Brace yourself. In coming weeks you’ll hear there’s no serious alternative to cutting Social Security and Medicare, raising taxes on middle class and decimating what’s left of the federal government’s discretionary spending, on everything from education and job training to highways and basic research.
“We” must make these sacrifices, it will be said, in order to deal with our mushrooming budget deficit and cumulative debt.
But most of the people who are making this argument are very wealthy or are sponsored by the very wealthy: Wall Street moguls like Peter Peterson and his “Fix the Debt” brigade, the Business Roundtable, well-appointed think tanks and policy centers along the Potomac, members of the Simpson-Bowles commission.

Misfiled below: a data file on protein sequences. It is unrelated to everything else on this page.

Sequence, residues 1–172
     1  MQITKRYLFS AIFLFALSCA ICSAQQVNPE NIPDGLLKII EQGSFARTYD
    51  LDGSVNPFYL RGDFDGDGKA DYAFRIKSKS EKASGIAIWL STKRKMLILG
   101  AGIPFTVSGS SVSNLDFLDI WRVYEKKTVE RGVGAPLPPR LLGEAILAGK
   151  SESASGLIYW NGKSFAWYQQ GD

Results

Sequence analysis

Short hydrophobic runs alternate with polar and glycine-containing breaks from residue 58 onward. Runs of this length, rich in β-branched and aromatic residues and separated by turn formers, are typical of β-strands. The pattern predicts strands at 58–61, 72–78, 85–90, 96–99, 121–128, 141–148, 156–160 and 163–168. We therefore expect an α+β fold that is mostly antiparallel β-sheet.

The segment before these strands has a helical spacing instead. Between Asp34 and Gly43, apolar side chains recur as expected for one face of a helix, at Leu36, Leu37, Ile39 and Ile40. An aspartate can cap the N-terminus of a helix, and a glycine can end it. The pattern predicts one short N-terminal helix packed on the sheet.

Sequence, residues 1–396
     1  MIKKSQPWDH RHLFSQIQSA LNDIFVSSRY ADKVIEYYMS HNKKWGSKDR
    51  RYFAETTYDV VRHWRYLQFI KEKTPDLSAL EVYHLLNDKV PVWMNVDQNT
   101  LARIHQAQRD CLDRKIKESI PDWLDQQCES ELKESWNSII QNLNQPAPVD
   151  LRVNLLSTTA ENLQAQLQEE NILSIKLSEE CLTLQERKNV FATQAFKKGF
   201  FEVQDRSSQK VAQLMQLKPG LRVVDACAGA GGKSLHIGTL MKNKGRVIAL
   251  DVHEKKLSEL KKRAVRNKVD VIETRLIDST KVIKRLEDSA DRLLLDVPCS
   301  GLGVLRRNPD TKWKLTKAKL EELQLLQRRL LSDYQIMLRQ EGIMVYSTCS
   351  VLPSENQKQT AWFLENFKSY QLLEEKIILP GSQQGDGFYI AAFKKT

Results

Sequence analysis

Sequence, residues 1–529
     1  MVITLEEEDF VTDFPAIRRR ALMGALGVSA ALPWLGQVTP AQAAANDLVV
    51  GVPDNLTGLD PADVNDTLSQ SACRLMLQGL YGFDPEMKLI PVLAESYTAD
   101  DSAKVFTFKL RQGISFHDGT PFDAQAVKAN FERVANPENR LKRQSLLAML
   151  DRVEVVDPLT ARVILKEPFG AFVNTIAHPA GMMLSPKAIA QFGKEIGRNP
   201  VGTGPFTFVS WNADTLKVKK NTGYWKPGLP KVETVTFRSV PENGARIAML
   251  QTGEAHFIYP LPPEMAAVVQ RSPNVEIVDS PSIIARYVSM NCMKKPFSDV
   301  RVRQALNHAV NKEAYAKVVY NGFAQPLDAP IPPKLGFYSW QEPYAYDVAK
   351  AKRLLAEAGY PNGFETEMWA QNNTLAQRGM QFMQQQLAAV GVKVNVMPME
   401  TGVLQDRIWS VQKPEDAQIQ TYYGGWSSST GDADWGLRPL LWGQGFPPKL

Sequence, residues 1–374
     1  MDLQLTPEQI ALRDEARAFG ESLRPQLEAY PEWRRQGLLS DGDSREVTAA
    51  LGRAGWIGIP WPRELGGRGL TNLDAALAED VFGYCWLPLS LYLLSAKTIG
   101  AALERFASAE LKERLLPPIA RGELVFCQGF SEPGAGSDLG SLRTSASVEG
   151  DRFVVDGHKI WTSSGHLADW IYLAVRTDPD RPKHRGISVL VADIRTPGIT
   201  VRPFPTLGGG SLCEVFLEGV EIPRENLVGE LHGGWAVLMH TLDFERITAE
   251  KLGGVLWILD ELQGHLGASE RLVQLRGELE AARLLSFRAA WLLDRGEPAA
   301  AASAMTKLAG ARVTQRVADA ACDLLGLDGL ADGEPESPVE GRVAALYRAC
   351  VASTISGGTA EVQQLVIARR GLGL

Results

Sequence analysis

These regressive sentiments are packaged in a mythology that Americans have been living beyond our means: We’ve been unwilling to pay for what we want government to do for us, and we are now reaching the day of reckoning.
The truth is most Americans have not been living beyond their means. The problem is their means haven’t been keeping up with the growth of the economy—which is why most of us need better education, infrastructure and health care and stronger safety nets.
The real median wage is only slightly higher now than it was 30 years ago, even though the economy is twice as large.
The only people whose means have soared are at the very top because they’ve received almost all the gains from growth. Over the past three decades, the top 1 percent’s share of the nation’s income has doubled; the top one-tenth of 1 percent’s share, tripled. The richest one-tenth of 1 percent is now earning as much as the bottom 120 million Americans put together.